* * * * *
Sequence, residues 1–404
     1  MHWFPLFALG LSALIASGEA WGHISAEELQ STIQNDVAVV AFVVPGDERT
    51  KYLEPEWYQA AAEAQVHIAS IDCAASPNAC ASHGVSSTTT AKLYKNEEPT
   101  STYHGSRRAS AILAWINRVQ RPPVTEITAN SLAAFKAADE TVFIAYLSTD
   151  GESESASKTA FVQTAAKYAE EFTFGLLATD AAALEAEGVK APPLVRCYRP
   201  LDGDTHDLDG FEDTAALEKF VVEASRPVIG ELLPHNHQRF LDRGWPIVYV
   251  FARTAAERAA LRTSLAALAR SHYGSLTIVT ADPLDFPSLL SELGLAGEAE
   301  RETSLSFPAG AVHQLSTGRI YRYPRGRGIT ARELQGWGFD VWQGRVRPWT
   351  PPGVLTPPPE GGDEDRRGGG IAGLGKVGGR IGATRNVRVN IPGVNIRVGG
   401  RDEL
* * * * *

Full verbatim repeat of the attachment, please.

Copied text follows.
Sequence, residues 1–404
     1  MHWFPLFALG LSALIASGEA WGHISAEELQ STIQNDVAVV AFVVPGDERT
    51  KYLEPEWYQA AAEAQVHIAS IDCAASPNAC ASHGVSSTTT AKLYKNEEPT
   101  STYHGSRRAS AILAWINRVQ RPPVTEITAN SLAAFKAADE TVFIAYLSTD
   151  GESESASKTA FVQTAAKYAE EFTFGLLATD AAALEAEGVK APPLVRCYRP
   201  LDGDTHDLDG FEDTAALEKF VVEASRPVIG ELLPHNHQRF LDRGWPIVYV
   251  FARTAAERAA LRTSLAALAR SHYGSLTIVT ADPLDFPSLL SELGLAGEAE
   301  RETSLSFPAG AVHQLSTGRI YRYPRGRGIT ARELQGWGFD VWQGRVRPWT
   351  PPGVLTPPPE GGDEDRRGGG IAGLGKVGGR IGATRNVRVN IPGVNIRVGG
   401  RDEL